“The teens we gave them to had no idea what was happening,” Steve reports. “They all looked a bit despondent and withdrawn when they came in. The reactions changed dramatically as we gave out their gifts. One 17 year old boy, with a tough wise-guy exterior melted and openly wept. All he could manage to verbalize was ‘I…appreciate this…very much.’ Another raven haired young lady came in dark and sullen, her face lit up a thousand fold as she told us the tale of being tossed from home for being a lesbian.”
Steve’s son, “N” felt good about what they had done. “It is extremely rewarding to know that someone else will be happy during Christmas time even if I have to go with out gifts that were all selfish anyways,” he stated.
There is a bittersweet aspect to this story however. As I tell it, I have not been able to use the full names of the family members. I have not been able to tell you exactly where they are. There is a reason. They, as a family, are in hiding.
Steve’s partner, “T” is the main bread winner. They live in a “red state” that now legally has same sex marriage by court mandate. “T”’s employers, however, have already let it be known that gay people will not be tolerated in their company. There is no state or federal statute preventing them from terminating him for that reason should he be outed. He cannot be seen as being the step-father to three fantastic kids, nor husband to their father, an incredibly generous man.
They are first-rate human beings and neighbors who are second class citizens. They live their family life in secret. Their kids want nothing more than to be “loved and provided for”, and “forget sometimes” that their parents are gay, but they cannot afford to be publicly seen for what they are: a loving, generous, giving family unit.
This is my Christmas card to them:
I wish “Merry Christmas” to many people, but in this instance it is a deep and abiding hope. I want for you to enjoy your holiday with a fully satisfied and joyous sense of contentment, one you richly deserve.
For you, I wish a wealth of things under your Christmas tree this year, but not replacement material items for the things you have given up. You don’t really care that those things are gone, and I have no desire to replace them for you.
What I wish for you is more meaningful. I wish for you to open a neatly wrapped gift of Equality. I wish for you to be seen and respected as you are, a full and vibrant family in your community.
I wish for you to experience the right of public affection, for two dads to grab each other’s hands as they walk down the street with their teen son, and for no one to really notice at all.
I wish for you the magical wedding day that you want but cannot imagine having. The day when your kids stand by and proudly beam publicly as you express your personal heartfelt love for each other in front of friends, relative and co-workers. I wish for your community to come together and be there for you in direct measure to how you have been there for them.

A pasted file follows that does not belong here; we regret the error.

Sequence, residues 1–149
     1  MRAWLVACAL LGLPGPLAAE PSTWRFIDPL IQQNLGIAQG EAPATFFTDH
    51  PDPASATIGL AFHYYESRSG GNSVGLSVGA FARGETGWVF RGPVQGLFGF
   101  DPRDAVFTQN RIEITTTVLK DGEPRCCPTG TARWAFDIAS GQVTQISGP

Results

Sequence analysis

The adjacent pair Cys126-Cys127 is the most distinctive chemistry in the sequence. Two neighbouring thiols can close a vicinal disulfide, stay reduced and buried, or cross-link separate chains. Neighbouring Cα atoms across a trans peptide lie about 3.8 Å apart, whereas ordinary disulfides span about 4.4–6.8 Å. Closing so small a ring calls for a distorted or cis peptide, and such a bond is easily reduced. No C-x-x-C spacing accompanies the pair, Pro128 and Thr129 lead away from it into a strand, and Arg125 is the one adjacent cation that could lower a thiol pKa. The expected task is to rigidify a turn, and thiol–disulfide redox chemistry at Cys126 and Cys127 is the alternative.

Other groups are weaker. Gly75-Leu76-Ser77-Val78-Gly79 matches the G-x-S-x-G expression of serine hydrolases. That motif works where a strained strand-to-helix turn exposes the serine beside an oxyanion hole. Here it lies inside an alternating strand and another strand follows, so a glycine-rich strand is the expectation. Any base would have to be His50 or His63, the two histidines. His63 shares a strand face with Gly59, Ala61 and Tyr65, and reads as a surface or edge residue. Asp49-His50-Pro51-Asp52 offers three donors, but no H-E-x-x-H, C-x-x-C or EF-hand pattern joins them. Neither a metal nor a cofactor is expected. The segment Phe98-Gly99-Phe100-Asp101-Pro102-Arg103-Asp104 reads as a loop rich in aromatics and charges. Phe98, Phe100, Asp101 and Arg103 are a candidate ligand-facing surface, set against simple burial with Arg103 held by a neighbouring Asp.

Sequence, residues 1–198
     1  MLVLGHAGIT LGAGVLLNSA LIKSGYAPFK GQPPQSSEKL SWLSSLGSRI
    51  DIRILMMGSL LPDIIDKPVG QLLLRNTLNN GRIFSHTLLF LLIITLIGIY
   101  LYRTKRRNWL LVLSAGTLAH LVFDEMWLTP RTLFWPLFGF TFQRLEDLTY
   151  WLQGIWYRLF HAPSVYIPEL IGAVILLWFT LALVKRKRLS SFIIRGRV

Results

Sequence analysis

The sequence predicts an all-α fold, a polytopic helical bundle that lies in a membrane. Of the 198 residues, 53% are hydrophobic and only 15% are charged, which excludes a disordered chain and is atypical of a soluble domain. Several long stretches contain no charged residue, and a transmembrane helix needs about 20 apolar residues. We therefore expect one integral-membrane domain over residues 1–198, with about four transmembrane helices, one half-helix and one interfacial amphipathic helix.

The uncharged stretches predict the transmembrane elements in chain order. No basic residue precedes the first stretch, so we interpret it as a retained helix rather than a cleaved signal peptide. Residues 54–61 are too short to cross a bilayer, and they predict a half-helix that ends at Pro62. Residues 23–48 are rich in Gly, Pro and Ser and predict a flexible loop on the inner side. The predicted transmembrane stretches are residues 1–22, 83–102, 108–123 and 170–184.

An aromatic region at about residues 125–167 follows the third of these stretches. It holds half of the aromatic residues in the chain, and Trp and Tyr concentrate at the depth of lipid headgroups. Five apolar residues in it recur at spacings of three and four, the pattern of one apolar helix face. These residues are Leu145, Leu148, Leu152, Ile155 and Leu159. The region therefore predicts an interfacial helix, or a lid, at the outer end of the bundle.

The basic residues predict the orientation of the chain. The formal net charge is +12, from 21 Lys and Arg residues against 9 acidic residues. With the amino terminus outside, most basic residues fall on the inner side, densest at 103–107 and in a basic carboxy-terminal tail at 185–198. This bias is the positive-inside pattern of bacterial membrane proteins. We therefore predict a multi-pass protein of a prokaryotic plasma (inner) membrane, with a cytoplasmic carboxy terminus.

In short, because I cannot give you any of these things except to promise to keep fighting until you have them, I will instead leave the torn page from a children’s book. Under the tree, you will find, from me, this page from The Velveteen Rabbit:
“What is REAL?” the Velveteen Rabbit asked the Skin Horse one day. “Does it mean having things that buzz inside you and a stick-out handle?”
“Real isn’t how you are made,” said the Skin Horse. “It’s a thing that happens to you. When a child loves you for a long, long time, not just to play with, but REALLY loves you, then you become Real.”
“Does it hurt?” asked the Velveteen Rabbit.
“Sometimes,” said the Skin Horse, for he was always truthful. “When you are Real you don’t mind being hurt.”
“It doesn’t happen all at once,” said the Skin Horse. “You become. It takes a long time. That’s why it doesn’t happen often to people who break easily, or have sharp edges, or who have to be carefully kept. Generally, by the time you are Real, most of your hair has been loved off, and your eyes drop out and you get loose in your joints and very shabby. But these things don’t matter at all, because once you are Real you can’t be ugly, except to people who don’t understand. But once you are Real you can’t become unreal again. It lasts for always.” (Margery Williams)
With that page in hand, you will know that I know the truth. The people reading this know the truth. You have earned the love of your children. You have earned the love of children whose family would no longer care about them. You have earned our deepest respect.
You are now, right this minute, the REALEST family I know on earth.
Photo: Flickr/Damon Cortesi
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Originally published on The Seattle Lesbian